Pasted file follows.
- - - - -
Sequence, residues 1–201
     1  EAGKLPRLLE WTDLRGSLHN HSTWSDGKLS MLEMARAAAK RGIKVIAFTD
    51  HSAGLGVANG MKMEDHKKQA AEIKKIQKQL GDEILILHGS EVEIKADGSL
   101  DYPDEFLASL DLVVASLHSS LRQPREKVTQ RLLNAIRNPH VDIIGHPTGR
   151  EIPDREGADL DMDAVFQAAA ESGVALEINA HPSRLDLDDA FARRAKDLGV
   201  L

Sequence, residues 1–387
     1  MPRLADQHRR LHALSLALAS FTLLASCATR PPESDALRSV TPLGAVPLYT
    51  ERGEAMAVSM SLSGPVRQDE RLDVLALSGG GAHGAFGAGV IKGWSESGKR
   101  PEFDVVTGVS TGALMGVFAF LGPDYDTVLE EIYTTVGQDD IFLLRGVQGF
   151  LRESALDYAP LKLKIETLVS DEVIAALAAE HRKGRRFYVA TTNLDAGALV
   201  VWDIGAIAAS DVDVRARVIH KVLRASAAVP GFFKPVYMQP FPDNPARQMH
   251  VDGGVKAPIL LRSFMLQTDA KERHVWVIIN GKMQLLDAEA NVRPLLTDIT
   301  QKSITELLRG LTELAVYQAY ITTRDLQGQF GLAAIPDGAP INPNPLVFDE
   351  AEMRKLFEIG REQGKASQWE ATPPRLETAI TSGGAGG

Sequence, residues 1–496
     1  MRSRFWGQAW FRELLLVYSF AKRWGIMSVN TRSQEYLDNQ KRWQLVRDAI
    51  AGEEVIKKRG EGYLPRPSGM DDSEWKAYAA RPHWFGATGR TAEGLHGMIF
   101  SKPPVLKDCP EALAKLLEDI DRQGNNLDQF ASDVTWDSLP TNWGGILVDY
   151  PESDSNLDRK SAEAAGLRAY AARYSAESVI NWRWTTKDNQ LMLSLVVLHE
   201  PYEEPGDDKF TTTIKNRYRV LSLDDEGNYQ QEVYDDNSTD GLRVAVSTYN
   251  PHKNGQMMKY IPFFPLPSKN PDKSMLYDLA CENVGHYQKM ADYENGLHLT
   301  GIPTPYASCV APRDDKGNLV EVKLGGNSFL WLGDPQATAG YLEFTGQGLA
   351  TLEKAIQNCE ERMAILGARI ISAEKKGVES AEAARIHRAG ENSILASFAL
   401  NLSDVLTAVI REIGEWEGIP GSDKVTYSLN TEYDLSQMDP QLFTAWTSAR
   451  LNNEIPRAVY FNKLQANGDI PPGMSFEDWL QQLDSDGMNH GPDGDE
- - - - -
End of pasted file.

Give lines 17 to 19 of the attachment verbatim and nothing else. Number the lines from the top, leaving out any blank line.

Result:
     1  MRSRFWGQAW FRELLLVYSF AKRWGIMSVN TRSQEYLDNQ KRWQLVRDAI
    51  AGEEVIKKRG EGYLPRPSGM DDSEWKAYAA RPHWFGATGR TAEGLHGMIF
   101  SKPPVLKDCP EALAKLLEDI DRQGNNLDQF ASDVTWDSLP TNWGGILVDY